Mary McCarthy (June 21, 1912 –October 25, 1989) was an American novelist, political activist and critic, born in Seattle, Washington. She endured a difficult childhood but overcame it to become a woman of strength and determination. She began her writing career as a critic, and gained admiration for her honest observations on culture and politics. In 1942 she published her first novel, The Company She Keeps, about a young intellectual woman going to college and breaking into New York City social circles.
The Group, was arguably her most popular novel — it sat on the New York Times Bestseller list for two years and was made into a popular film. McCarthy’s novels and stories are part autobiography and part fiction, as she draws on her own experiences, traumas, and successes. That, along with her writing style, made her a respected talent in the writing community.
McCarthy had friends and enemies within literary and activist circles — she was allied with Hannah Arendt, for instance, and was locked in a bitter fued with playwright Lillian Hellman, whom she accused of being an outright liar. She died of lung cancer in New York City in 1989.
- The Company She Keeps
- The Group
- Memories of a Catholic Girlhood
- The Stones of Florence
- Intellectual Memoirs: New York, 1936-1938
- Mask of State: Watergate Portrait
Autobioraphies and Biographies about Mary McCarthy
Articles, News, Etc.
- Remembering Mary McCarthy: A Woman of Intellect and Style
- Mary McCarthy’s ‘The Group’ is the Definitive Young Woman’s Sex Narrative
- 12 Must-Read Collections of Famous Authors’ Letters
- Mary McCarthy Archives and Special Collections –Vassar College, Poughkeepsie NY
Mary McCarthy Quotes
“When you have committed an action that you cannot bear to think about, that causes you to writhe in retrospect, do not seek to evade the memory: make yourself relive it, confront it repeatedly over and over, till finally, you will discover, through sheer repetition it loses its power to pain you. It works, I guarantee you, this sure-fire guilt-eradicator, like a homeopathic medicine — like in small doses applied to like. It works, but I am not sure that it is a good thing.” (How I Grew, 1987)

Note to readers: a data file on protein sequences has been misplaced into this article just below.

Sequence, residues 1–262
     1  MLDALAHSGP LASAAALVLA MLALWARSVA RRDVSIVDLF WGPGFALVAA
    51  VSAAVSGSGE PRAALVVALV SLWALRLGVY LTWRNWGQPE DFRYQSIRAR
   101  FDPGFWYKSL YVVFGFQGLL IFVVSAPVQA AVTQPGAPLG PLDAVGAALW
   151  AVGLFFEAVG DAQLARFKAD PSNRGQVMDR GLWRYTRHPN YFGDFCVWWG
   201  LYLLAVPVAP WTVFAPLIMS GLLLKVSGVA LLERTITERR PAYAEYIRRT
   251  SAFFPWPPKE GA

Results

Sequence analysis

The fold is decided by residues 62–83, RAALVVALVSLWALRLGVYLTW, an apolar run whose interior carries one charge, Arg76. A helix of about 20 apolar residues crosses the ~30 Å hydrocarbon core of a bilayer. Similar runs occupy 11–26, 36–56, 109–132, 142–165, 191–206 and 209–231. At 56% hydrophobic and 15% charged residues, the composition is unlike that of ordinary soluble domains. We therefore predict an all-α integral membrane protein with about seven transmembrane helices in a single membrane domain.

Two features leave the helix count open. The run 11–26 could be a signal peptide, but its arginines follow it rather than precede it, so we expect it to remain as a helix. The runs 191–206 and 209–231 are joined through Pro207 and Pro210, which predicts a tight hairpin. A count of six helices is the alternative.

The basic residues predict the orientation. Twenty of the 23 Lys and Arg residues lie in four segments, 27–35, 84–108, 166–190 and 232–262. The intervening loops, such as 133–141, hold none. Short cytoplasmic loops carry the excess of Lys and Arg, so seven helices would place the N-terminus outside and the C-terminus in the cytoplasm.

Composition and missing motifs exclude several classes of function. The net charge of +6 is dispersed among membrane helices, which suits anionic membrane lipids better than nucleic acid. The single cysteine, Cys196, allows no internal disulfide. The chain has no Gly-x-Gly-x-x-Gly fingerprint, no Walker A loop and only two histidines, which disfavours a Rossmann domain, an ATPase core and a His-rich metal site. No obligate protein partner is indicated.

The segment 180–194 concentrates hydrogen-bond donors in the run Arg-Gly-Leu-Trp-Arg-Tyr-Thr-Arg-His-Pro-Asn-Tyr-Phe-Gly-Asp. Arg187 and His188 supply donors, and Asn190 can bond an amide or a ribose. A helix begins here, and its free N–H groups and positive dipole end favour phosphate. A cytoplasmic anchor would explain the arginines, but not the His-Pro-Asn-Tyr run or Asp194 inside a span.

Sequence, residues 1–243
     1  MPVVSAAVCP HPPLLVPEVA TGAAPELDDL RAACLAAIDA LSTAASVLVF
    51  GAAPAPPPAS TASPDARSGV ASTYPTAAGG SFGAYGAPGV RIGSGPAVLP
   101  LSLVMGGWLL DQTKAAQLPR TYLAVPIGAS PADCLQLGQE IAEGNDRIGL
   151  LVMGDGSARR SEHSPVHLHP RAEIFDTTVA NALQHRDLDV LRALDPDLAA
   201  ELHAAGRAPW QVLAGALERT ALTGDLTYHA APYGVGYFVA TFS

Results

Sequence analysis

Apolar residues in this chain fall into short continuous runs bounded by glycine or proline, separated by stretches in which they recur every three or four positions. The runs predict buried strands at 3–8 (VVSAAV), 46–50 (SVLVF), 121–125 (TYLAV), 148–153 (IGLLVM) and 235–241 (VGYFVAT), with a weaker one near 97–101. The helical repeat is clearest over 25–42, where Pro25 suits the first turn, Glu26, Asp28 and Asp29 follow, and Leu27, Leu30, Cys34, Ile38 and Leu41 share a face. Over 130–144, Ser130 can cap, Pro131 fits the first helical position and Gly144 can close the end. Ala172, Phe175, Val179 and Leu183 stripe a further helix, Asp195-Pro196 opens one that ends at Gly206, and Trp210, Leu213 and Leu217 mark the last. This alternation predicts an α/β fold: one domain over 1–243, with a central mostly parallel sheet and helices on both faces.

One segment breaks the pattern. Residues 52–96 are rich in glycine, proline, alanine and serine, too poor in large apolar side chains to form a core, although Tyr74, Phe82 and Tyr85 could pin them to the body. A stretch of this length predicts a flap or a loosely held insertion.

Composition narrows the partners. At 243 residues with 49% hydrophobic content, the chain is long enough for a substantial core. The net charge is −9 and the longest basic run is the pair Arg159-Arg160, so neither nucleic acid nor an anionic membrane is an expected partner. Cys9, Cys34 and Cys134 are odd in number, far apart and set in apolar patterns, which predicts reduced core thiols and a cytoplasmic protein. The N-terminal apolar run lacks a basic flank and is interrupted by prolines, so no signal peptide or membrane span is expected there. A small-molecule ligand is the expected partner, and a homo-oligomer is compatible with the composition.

“In violence, we forget who we are.” (“Characters in Fiction,” Partisan Review, March, 1961)
“Life is a system of recurrent pairs, the poison and the antidote being eternally packaged together by some considerate heavenly druggist.”
“The suspense of a novel is not only in the reader, but in the novelist, who is intensely curious about what will happen to the hero.”
“Every word she writes is a lie, including ‘and’ and ‘the’.” (Comment about Lillian Hellman in a televised interview on The Dick Cavett Show (1979))
“If someone tells you he is going to make ‘a realistic decision,’ you immediately understand that he has resolved to do something bad.” (American Realist Playwrights, July 1961)
“The labor of keeping house is labor in its most naked state, for labor is toil that never finishes, toil that has to be begun again the moment it is completed, toil that is destroyed and consumed by the life process.” (“The Vita Activa,” The New Yorker, October 18, 1958)
“I suppose everyone continues to be interested in the quest for the self, but what you feel when you’re older, I think, is that — how to express this — you really must make the self. It’s absolutely useless to look for it, you won’t find it, but it’s possible in some sense to make it.” (From an interview by Elisabeth Niebuhr in The Paris Review Interviews: Writers at Work, Second Series conducted in 1961)
“The theater is the only branch of art much cared for by people of wealth; like canasta, it does away with the bother of talk after dinner.” (Up the Ladder from Charm to Vogue, 1950)
“A novelist is an elephant, but an elephant who must pretend to forget.”
“You know what my favourite quotation is?…It’s from Chaucer… Criseyde says it, “I am myne owene woman, wel at ese.” (The Man in the Brooks Brothers Shirt, 1943)
“We all live in suspense, from day to day, from hour to hour; in other words, we are the hero of our own story.” (“Characters in Fiction,” Partisan Review, March, 1961)
“People with bad consciences always fear the judgment of children.” (On the Contrary, 1961)
“There are no new truths, but only truths that have not been recognized by those who have perceived them without noticing.”
“We all know in our gut that art educates. In other societies, they’re aware of the power it has of speaking directly to the masses, teaching them to be better socialists, better citizens. The trouble is that with us it’s fallen into the wrong hands. Forget the speculators … The concept of the collector is so rotten by now that it stinks.” (Cannibals and Missionaries, 1979)
“It is really difficult to tell a good action from a bad one? I think one usually knows right away or a moment afterward, in a horrid flash of regret.”
“I really tried, or so I thought, to avoid lying, but it seemed to me that they forced it on me by the difference in their vision of things, so that I was always transposing reality for them into something they could understand.” (Memoirs of a Catholic Girlhood, 1972)
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